Online betting to be allowed via Singapore Pools and Turf Club from late October
SINGAPORE — More than one-and-a-half years after online and phone betting was outlawed here, punters can do so again legally within the next two months, through Singapore Pools and Singapore Turf Club.
The two operators were assessed to be suitable for exemption from restrictions under the Remote Gambling Act that came into force in February last year, said the Ministry of Home Affairs (MHA) on Thursday (Sept 29), after months of checks by the authorities to make sure appropriate safeguards would be put in place.
Singapore Pools will launch web-based betting services on Oct 25, on top of its existing phone-betting option. Its offerings will remain the same: 4D, Toto, football and motor racing.
As for Singapore Turf Club, which will offer horse racing betting services, its iTote wagering platform will go online on Nov 15, with an app version on both iOS and Android platforms.
As reported previously, less than 10 per cent of their turnover is from remote-gambling services.
Their exemption certificates are valid for three years and come with stringent conditions, said the MHA.
Concerns have been raised by parliamentarians during the legislative debate and by counsellors that allowing legal online betting channels could result in more getting hooked on gambling. On Thursday, the ministry reiterated that it was not “straightforward to eradicate remote gambling totally”, even as it has blocked hundreds of such Internet domains so far.
“While our blocking regime is one of the most comprehensive in the world, and significantly restricts and impedes access to remote gambling, it is not straightforward to eradicate remote gambling totally,” said MHA. “A complete ban would only serve to drive remote gambling underground, making it harder to detect, and exacerbate the associated law and order and social concerns.”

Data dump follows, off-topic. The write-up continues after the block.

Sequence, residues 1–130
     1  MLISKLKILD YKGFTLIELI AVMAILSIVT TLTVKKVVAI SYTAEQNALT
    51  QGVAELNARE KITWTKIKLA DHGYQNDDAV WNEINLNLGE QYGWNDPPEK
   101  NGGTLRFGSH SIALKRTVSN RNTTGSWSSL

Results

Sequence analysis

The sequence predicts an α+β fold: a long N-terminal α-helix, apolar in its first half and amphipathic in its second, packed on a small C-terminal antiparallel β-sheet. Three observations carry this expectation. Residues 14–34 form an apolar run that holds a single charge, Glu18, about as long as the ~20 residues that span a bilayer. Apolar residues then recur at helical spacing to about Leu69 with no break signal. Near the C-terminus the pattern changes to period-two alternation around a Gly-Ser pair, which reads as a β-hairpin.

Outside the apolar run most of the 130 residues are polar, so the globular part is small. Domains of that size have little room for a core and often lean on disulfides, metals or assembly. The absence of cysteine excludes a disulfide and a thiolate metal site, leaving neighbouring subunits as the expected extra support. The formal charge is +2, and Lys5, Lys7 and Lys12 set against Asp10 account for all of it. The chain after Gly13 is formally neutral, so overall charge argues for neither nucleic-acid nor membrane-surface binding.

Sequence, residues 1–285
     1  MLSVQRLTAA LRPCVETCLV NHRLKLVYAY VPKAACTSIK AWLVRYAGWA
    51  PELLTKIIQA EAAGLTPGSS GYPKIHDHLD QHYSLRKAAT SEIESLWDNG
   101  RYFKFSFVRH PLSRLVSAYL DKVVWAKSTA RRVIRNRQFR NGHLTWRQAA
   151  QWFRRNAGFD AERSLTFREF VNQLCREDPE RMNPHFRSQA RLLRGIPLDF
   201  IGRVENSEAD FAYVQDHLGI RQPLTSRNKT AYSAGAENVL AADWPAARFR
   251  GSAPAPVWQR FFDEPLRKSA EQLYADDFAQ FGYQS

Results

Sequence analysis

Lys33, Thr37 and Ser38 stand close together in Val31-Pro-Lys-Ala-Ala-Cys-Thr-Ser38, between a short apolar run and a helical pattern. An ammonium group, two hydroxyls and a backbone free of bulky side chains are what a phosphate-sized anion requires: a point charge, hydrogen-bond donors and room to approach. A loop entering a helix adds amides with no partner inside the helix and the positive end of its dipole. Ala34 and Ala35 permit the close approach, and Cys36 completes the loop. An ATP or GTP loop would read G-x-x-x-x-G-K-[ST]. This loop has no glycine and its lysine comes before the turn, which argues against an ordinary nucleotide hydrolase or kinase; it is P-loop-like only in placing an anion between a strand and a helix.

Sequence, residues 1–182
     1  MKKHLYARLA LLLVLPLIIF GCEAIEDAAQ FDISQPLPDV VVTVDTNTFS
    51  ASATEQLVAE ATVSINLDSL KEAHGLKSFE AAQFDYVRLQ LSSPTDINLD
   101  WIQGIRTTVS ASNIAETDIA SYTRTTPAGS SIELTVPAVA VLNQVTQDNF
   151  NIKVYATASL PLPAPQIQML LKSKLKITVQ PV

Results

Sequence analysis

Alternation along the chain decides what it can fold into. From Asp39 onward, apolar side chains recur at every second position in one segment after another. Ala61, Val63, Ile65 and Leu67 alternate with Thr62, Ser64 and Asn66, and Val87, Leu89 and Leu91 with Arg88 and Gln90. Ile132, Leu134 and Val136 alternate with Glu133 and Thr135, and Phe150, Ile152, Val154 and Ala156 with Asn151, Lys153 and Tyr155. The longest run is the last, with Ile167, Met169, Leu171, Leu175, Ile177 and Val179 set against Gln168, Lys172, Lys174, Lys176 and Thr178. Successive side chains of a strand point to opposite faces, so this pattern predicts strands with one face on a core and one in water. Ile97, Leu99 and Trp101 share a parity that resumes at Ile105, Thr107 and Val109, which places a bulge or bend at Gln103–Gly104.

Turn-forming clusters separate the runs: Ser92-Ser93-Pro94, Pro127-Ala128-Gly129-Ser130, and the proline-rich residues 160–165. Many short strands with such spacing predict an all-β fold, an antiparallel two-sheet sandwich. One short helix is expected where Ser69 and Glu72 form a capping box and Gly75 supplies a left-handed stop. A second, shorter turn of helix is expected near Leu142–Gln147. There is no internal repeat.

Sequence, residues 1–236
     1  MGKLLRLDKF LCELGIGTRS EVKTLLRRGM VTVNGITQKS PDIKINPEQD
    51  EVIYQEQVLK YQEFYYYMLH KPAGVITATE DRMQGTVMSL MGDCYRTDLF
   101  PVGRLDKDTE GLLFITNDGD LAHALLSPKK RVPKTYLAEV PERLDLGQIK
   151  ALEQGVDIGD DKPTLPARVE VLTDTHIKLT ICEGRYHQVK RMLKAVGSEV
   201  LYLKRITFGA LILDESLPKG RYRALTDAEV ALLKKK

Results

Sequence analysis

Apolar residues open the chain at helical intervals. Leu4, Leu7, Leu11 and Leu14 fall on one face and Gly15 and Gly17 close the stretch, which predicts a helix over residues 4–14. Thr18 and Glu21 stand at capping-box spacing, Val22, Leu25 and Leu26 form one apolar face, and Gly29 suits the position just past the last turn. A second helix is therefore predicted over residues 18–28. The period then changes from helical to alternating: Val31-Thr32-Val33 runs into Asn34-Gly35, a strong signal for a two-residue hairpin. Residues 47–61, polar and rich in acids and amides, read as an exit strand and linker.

In response to TODAY’s queries, a spokesperson from the Ministry of Social and Family Development added: “We know that there are people gambling on illegal websites today and there are no safeguards at all on these sites. There is no protection for persons who are gambling illegally and there are no restrictions on advertising and promotions by illegal operators on their websites, and no restrictions on promotions such as offering credits. With the exempt operator regime, there will be safeguards and regulations to minimise gambling addiction.”
The MHA also said that both exempt operators have to “keep their management and operations of the remote gambling services free from criminal influence, ensure integrity of their operators and implement social safeguards and responsible gambling measures”.
They must also implement ways to prevent money laundering and terrorism financing. Should the operators want to offer any new bet products, they have to seek approval from the authorities. As stated when the law was passed, casino-type games and poker cannot be offered.
In terms of social safeguards, a punter who wants to open a player account has to be at least 21 years old and show up at an outlet for identity verification. He must also not be under an exclusion order from the casinos or receiving financial aid from the government.
To log on, the player has to enter his user ID as well as a one-time PIN, which will be sent to his handphone.
Players cannot gamble on credit and will also be required to set daily expenditure and funding limits. If he wants to increase these limits, it will only be effective a day later. Conversely, if he wants to lower these limits, it will kick in immediately.
The operators must also implement a self-exclusion system and display responsible gambling messages on their remote gambling platforms.
Singapore Turf Club and Singapore Pools submitted applications for exemption certificates in May and July last year, respectively.
In a media statement, Deputy Commissioner of Police (Investigations & Intelligence) Tan Chye Hee, who is concurrently Director of the Criminal Investigation Department, said the police conduct “regular enforcement operations” against unlawful remote gambling activities.
Individuals who gamble illegally online or via the phone face a fine of up to S$5,000 and six months’ jail, similar to current penalties for illegal gamblers under the Betting Act and the Common Gaming Houses Act.
“Those who think that unlawful remote gambling is harmless and hurts no one are mistaken,” he said.
“By engaging in such activities, they are inadvertently financing and enriching criminals who may be associated with transnational criminal syndicates and involved in illegal activities such as money laundering and unlicensed moneylending.”